A new study suggests that green tea could help people to lose weight, if combined with exercise. The research was led by Dr Justin Roberts of Anglia Ruskin University and is published in the Journal of the International Society of Sports Nutrition.

The researchers tested a capsule of decaffeinated green tea extract on 14 recreationally-active men, with an average age of 21. Seven volunteers took the green tea capsule each day for four weeks and seven were given a placebo.

Each capsule contained 571mg of decaffeinated green tea extract. This study is the first time decaffeinated green tea has been used in tests focusing on weight loss and performance, removing any potential effects of caffeine.

During the trial the researchers found that body fat reduced by 1.63% compared to the placebo group, while fat oxidation rates increased by 25%.

The 14 participants were required to cycle for one hour, three times per week. Those taking the green tea extract saw their performance increase by 10.9% over the four week period, increasing the distance covered from an average of 20.2km to 22.4km.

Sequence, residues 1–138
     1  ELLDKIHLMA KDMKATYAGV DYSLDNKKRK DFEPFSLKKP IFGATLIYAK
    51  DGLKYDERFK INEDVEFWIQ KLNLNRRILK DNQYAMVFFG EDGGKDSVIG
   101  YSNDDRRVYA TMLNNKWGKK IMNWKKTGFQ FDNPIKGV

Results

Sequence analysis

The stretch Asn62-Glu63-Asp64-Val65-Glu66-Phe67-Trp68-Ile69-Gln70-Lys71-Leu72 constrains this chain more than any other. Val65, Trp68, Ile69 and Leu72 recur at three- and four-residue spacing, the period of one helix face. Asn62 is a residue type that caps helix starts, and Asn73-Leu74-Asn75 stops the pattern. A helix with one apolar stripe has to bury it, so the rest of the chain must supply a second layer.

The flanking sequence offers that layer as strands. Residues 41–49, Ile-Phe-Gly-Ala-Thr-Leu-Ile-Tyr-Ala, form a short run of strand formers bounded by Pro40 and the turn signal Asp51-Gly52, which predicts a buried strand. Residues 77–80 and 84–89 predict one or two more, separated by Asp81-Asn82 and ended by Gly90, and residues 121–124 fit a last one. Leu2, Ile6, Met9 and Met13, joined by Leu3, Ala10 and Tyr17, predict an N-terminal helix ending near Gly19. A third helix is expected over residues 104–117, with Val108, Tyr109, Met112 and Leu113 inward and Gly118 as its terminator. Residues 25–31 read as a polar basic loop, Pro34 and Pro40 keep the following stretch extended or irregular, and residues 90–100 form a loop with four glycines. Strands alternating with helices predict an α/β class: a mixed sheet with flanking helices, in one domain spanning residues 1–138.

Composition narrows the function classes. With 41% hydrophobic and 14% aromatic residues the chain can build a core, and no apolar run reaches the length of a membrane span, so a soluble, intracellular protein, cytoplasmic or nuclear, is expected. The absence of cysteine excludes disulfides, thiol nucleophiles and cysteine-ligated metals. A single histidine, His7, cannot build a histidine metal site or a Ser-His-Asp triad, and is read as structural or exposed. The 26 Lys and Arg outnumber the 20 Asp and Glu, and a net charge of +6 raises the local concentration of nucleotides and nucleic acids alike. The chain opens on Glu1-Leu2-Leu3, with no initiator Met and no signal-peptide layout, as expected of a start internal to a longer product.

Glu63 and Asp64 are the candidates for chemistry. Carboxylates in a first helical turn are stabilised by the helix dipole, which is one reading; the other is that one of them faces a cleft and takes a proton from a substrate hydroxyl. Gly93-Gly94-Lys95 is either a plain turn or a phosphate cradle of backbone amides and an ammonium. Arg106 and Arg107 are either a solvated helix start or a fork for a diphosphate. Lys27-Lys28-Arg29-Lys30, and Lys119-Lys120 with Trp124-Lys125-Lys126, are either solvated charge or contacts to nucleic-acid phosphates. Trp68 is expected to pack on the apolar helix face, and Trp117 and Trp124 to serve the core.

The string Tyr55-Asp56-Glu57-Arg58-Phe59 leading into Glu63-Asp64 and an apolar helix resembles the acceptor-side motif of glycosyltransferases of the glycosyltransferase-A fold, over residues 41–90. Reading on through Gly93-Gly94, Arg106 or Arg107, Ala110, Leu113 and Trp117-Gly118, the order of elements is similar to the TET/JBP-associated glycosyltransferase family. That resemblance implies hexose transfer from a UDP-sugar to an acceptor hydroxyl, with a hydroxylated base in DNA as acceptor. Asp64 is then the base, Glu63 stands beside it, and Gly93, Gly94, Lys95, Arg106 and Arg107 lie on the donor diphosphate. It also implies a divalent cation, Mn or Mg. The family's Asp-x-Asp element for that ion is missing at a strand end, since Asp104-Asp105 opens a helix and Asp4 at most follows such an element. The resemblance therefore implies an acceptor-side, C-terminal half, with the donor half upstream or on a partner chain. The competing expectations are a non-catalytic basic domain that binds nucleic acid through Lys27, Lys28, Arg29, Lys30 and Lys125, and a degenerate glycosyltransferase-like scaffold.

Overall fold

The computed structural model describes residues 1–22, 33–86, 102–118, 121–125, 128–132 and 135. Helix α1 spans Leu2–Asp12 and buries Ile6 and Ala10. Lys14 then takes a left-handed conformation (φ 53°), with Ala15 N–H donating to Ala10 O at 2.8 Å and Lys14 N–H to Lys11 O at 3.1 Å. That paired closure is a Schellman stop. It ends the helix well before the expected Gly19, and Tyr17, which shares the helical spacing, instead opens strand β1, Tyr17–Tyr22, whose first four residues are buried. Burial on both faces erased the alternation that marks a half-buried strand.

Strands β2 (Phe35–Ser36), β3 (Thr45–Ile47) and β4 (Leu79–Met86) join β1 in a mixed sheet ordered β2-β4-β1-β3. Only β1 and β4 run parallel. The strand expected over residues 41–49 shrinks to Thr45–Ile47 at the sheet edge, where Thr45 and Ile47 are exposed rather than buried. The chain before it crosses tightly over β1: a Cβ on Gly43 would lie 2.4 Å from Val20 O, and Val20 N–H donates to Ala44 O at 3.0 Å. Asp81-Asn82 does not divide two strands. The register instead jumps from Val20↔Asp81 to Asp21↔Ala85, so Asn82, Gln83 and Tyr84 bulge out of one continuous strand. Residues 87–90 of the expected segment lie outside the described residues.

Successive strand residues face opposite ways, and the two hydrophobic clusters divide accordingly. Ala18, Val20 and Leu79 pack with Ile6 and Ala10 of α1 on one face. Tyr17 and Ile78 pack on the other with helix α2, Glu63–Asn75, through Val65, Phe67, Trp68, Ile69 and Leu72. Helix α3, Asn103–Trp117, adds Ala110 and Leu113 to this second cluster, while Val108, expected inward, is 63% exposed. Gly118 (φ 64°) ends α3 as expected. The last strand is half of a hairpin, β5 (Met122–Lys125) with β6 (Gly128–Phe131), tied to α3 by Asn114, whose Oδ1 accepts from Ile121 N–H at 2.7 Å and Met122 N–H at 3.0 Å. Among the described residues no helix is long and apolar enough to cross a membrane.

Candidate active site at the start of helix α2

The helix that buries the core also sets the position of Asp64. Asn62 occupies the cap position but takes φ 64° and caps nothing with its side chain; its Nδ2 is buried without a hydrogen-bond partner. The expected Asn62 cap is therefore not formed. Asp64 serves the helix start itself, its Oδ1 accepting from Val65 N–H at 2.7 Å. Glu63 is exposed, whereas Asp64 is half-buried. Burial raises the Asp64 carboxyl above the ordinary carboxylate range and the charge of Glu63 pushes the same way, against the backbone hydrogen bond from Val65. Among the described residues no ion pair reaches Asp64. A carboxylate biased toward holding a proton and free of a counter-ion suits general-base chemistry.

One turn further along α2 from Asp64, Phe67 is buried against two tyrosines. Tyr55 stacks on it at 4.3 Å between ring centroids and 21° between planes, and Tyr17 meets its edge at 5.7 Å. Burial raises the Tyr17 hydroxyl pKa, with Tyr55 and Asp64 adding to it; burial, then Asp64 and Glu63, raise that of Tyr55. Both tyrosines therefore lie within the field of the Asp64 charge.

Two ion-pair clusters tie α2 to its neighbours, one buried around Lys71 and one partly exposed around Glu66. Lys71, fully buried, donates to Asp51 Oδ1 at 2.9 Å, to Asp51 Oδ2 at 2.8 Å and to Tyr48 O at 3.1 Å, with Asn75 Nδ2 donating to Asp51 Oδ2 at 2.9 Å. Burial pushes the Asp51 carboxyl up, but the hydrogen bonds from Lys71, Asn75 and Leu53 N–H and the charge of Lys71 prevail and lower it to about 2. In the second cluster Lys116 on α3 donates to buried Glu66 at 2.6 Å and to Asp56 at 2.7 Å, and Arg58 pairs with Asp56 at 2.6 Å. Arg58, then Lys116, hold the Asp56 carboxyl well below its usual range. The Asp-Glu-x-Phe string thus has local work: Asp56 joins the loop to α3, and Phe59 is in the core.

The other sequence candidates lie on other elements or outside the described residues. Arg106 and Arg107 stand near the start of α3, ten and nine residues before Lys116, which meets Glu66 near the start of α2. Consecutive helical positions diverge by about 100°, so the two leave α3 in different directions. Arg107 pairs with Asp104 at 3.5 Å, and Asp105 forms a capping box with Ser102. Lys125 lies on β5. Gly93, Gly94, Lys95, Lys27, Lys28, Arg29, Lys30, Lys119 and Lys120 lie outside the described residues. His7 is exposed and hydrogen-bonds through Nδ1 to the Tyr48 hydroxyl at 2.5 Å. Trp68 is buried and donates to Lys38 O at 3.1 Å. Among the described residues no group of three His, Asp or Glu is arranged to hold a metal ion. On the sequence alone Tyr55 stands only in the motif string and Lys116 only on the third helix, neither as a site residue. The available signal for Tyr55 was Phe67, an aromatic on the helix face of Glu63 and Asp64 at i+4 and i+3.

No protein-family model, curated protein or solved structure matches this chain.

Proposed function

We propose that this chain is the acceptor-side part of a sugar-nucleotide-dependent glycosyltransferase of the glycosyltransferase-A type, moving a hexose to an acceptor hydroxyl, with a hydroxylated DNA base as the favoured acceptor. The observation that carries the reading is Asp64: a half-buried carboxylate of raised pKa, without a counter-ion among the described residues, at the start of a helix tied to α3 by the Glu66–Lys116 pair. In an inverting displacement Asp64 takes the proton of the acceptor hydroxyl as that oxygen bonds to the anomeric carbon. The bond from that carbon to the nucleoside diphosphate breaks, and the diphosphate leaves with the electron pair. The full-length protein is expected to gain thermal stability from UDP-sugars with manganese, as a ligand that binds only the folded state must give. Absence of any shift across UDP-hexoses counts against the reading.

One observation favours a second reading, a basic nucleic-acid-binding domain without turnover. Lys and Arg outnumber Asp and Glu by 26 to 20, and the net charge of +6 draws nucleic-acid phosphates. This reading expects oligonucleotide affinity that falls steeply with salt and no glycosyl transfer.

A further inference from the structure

Dr Roberts, Senior Lecturer in Sport and Exercise Sciences at Anglia Ruskin University, said: "It is known that green tea as a drink can have numerous health benefits as it contains a relatively high amount of an ingredient called EGCG (epigallocatechin gallate).

"However, to get the dosage required may require close to 6 or 7 cups of green tea a day. The 571mg capsules tested contained a daily EGCG dose of 400mg.

"In essence, our study showed that the use of a green tea extract could potentially help people to lose weight, if combined with exercise. However, we recognise that a larger scale study is now required."